John has vast experience within the antifraud space having been involved with industry-leading vendors such as Equifax and iovation where he led teams across European and APAC territories.
He now supports We Fight Fraud in their effort to provide you with unique insights into crime, enforcement, and financial crime through educational means.
How much of an impact does brand-to-consumer trust have when dealing with their sensitive information?
Brand trust is massively important. If you see how people deal with someone like PayPal, you can actually visibly see there’s a check going on and I don’t believe that’s not thought about. As a consumer, I can see some security is happening.
Out of a series of interviews I ran for an identity provider, we saw that certain individuals felt that the provision of ID established trust with that community, whether that be a bank, so they trusted over bank accounts that have gone through that process or Airbnb and an ID verified identity is found to be more valuable.
So you start to see that equation in the mindset and well I’m going through this and everyone else is going through this, so, therefore, it’s that there’s a level of trust in my mind to this organization and the network it supports. I think that is important.
Not many people in those surveys actually saw like I did that, that it was a hassle getting up from a desk and going to get my document – which perhaps is a bit of a surprise to some working in this space.
You also had everyone have a second moment of fourth before they passed over their identity details. All of them had moments of doubt and this is often where the breakdown comes.
I’m having a moment of doubt. If I know your brand and I trust your brand, I am more than likely to go ahead with the process and put it to one side. And that was evident in the interviews.
If I don’t know your brand, and I have any feeling that you may not be trustworthy, they will bailout.
One of those respondents was redirected to a third-party application that was branded as that provider’s brand.
They had no understanding of who that brand was or had any trust in that brand so they certainly were not prepared to put their own identity documents into something that they didn’t feel was safe.
We can recognize the consumer has this dialogue about trust going on in their mind. We just need to be mindful of that. I don’t think that the issue of friction is the prime issue but the issue of trust is probably the thing that’s breaking down, mostly in these relationships.
How does a criminal view fraud?
Looking at it from a criminal’s point of view, it’s as simple as where is the weakness. Yet we as vendors see this from a siloed point of view.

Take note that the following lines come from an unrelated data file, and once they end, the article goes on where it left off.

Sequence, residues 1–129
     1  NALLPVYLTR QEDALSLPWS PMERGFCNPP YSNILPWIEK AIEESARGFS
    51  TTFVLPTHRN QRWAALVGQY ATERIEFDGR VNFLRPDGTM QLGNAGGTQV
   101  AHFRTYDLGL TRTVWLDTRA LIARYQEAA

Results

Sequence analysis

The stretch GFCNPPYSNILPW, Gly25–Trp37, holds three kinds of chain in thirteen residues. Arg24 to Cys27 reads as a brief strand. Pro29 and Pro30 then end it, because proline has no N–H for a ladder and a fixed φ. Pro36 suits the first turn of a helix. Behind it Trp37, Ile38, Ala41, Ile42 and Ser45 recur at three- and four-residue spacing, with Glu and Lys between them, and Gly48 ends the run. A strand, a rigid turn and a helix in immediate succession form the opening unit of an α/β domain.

We think in different terms, we think about compliance. We think about ID. We think about fraud and ultimately we blend this into some professionalism.
But we’ve got to remember our criminals don’t think like that. They just look at opportunities. How can I break this?
Whilst you’re trying to concentrate on one thing, they’ve realized that the weakness is on the side.
For example, when it comes to APP, the weakness was the consumer. As a fraudster, I now can’t compromise your SMS easily. I can’t take over your bank account and transfer your money… but you can do that for me.
I’ll scare the living daylights out of you, I’ll manipulate you into thinking a certain way and you’ll press those buttons and pay me 20,000 pounds. Job done.
Even with something like a bank or government ID, you’ve got a person involved and the person becomes your point of compromise.
Why? Because the biggest threat right now is not the technology. It’s not the application. It’s not the account takeover. It’s you as a consumer, you are the weakest link.
If you look at someone like Barclays, how does Barclays make you the strongest link? I really admire their push for education with £10 million in above-the-line advertising to help consumers stop fraud. They’re not all your customers but there’s a genuine effort to educate and inform your average consumer.
What’s the risk of fraud-as-a-service?
Criminals are not like us, getting really excited about machine learning and algorithms and things like that. It’s again all about understanding the compromise and getting people onto your scheme to help exploit that.
We’ve got people who specialize in bit parts of each crime, we always have but now there’s more and more collaboration. Criminal networks and informal networks are developing more frequently on the open web.
All those people with a talent in one way or another to add to the gang like it was back in the day, that’s still going on. It’s going on in a digital way. People in Romania are hiring people in the UK to do bits that need to be physically done over here and they’re hiring them to do tactical bits.
It’s a huge economy. There are a million ways that they can be creative. And I think that’s probably one of the biggest learns from We Fight Fraud is the creativity.
That comes back to us thinking about silos, us thinking about structures, and us doing our learning. We’ve put many of our fraud fighters in a position of not being able to view things from an utterly creative angle; really it should be as simple as, what can I do holistically to compromise my own process? That’s one of the biggest learnings I’ve had since working with the team.